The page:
June will mark the sixth month of the Biden Presidency. In that short span of time, the US offshore wind industry has seen a flurry of supportive actions, regulatory progress, and even new legal precedent coming from the federal government. But it was in May that a crucial – and long-awaited – development took place that will shape the industry along the US’ vast coastlines for years to come.
Early this month, the Bureau of Ocean Energy Management (BOEM) released its final ‘record of decision’ for the 800MW Vineyard Wind 1 development of Massachusetts. This decision officially greenlights America’s first utility-scale offshore wind project, and is proof positive of the administration’s reliance on offshore wind to help reach its clean energy goals. This important milestones for an industry working to establish itself as the next great US industry – one with a keen ability to tackle climate change by supply clean, renewable energy, and creating a variety of sustainable, well-paying jobs and local economic development opportunities.
With these key developments, companies ranging from insurance and financial firms to aerospace, maritime, and oil & gas are looking at offshore wind with renewed interest. As they should: the Biden administration is giving his backing to offshore wind as a centerpiece of its plan to develop a fully clean energy grid by 2035. The Vineyard Wind decision instills industry confidence, spurring more investments and provoking further project developments and increased opportunities. Full construction and operations of the development is projected to create 3,600 jobs and over $200m in economic activity. This will require an expansive supply chain and local work force that is far from fully formed.
For companies looking for ways to diversify – particularly as economies work to overcome the Covid pandemic slump – now is the time to educate themselves on offshore wind and to focus on building out a localised supply chain. In order for the US to compete with emerging markets in Asia as well as mature markets within Europe, a robust local supply network will be needed. In other words, it will take exponentially more time, more money, and logistical hurdles if the US offshore wind industry relies on an international supply chain to establish itself in earnest. American companies also have the opportunity to own new R&D development for floating wind, which will be needed along the West coast and in deeper East Coast waters.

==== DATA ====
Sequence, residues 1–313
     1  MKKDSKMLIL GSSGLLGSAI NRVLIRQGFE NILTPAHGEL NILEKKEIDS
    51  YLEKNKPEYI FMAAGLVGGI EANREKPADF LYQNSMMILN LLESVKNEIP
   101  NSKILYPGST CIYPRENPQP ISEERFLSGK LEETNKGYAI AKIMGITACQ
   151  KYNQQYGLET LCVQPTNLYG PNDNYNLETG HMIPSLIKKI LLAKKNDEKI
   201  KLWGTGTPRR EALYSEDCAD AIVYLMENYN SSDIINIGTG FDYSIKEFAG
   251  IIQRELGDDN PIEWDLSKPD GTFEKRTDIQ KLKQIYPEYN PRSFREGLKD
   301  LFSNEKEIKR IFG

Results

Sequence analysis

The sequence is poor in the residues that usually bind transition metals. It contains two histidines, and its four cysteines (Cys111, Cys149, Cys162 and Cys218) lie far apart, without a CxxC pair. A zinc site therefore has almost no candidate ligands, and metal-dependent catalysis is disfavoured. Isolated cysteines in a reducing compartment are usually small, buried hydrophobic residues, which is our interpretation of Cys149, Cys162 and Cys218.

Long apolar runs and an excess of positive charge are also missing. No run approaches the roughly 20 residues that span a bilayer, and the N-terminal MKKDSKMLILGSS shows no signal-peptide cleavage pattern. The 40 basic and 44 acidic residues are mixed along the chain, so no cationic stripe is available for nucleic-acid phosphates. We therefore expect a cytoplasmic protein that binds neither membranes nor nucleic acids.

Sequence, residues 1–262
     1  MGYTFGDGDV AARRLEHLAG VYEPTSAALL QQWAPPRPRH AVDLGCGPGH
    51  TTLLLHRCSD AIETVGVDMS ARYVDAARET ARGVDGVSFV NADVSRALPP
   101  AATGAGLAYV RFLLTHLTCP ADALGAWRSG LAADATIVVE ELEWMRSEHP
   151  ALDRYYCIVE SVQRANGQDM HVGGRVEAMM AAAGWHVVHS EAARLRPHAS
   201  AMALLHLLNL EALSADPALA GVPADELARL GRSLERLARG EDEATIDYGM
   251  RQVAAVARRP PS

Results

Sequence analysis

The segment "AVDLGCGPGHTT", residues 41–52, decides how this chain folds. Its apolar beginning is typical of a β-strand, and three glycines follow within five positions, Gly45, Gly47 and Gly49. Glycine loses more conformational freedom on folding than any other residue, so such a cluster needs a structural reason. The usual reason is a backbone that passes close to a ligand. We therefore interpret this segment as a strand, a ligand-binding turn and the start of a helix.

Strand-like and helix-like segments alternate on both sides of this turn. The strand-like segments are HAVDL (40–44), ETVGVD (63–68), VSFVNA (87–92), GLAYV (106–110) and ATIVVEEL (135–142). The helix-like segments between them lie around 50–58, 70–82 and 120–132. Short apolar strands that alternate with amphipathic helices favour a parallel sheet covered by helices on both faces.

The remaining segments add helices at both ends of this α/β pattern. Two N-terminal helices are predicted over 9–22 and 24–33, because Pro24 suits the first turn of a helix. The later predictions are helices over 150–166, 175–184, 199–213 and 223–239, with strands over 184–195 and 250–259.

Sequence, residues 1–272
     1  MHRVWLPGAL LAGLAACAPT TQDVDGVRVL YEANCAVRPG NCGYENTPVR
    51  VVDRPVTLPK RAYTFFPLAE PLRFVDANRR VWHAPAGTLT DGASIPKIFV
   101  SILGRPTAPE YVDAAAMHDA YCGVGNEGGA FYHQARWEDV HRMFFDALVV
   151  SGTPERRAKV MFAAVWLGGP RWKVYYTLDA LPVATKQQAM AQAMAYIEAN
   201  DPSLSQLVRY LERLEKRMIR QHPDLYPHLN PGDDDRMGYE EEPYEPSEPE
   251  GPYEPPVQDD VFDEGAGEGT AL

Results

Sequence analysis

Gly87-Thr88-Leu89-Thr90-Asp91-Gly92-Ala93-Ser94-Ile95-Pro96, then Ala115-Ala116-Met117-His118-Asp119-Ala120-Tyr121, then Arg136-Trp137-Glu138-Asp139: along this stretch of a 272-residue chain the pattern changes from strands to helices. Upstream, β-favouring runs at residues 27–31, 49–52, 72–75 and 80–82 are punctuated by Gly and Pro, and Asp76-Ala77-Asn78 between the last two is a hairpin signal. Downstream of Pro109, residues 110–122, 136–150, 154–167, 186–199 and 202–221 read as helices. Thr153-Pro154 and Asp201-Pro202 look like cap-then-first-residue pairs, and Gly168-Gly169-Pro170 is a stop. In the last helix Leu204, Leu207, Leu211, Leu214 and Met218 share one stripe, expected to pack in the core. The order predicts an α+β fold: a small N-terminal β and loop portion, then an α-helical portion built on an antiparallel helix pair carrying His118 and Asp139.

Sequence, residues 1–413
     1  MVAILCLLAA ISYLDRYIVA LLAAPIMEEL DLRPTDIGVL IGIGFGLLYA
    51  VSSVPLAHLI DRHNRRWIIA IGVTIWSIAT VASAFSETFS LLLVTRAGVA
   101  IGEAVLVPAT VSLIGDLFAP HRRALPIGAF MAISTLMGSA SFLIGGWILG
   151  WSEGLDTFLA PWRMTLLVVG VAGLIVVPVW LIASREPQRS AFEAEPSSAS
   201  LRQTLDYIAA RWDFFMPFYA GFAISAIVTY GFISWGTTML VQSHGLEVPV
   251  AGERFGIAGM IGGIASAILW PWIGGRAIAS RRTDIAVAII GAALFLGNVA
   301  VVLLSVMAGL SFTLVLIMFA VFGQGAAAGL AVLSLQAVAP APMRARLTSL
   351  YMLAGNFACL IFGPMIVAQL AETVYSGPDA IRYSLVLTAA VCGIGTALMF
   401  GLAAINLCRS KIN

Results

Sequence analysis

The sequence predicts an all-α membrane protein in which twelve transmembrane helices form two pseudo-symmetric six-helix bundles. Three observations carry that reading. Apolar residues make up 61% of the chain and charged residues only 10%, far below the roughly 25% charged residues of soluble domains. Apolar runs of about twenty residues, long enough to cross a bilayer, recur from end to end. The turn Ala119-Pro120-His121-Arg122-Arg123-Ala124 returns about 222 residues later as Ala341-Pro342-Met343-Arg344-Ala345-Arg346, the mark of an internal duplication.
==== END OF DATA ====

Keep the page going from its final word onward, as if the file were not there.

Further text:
It is not only possible to develop a local supply chain, but the benefits of this will ripple through states and communities nationwide. In May, a partnership was announced between the Business Network for Offshore Wind and the National Offshore Wind Research and Development Consortium, National Renewable Energy Laboratory, the State of Maryland, the New York State Energy Research & Development Authority and the US Department of Energy to create an sector-specific supply chain roadmap, which will facilitate the acceleration offshore wind development in the US.
Supply chain development isn’t the only need. To fully capitalise on these milestone developments, the federal government must open up new areas within the Atlantic, Gulf, and West Coast to leasing
Supply chain development isn’t the only need. To fully capitalise on these milestone developments, the federal government must open up new areas within the Atlantic, Gulf, and West Coast to leasing and ensure more permitting consistency. It is also vital that we solve issues with the current transmission system: the country desperately needs to invest in an upgraded grid to bring offshore wind power to markets. This will require planning, coordination – including regional state partnerships and leadership in order to keep ratepayer costs down.
The good news is Washington is focused on the same problems. All indicators point to the federal government continuing to move other projects forward through the permitting process in a consistent and environmentally responsible manner, which will help localise supply chains, supporting regional economies, and allowing the US to compete in global markets. And the Biden Administration has proposed spending tens of billions of dollars on port and power infrastructure upgrades to support this ambition.
Looking into the future, the US market will likely be much larger than what is currently being projected. This is both a challenge and a welcomed opportunity. To achieve President Biden’s goal for a clean power grid, installing 30 GW of offshore wind will be just the start. More states are adopting 100% renewable energy goals or 100% decarbonisation goals and will look to offshore wind as a big part of the solution. And we may begin to see power purchase agreements from private entities as our own market matures. Overall, the current growing pains and constraints must be addressed as the industry matures, but solving these problems is creating unlimited opportunities.
· Liz Burdock is CEO of industry non-profit the Business Network for Offshore Wind, which is holding its inaugural Ventus awards later this year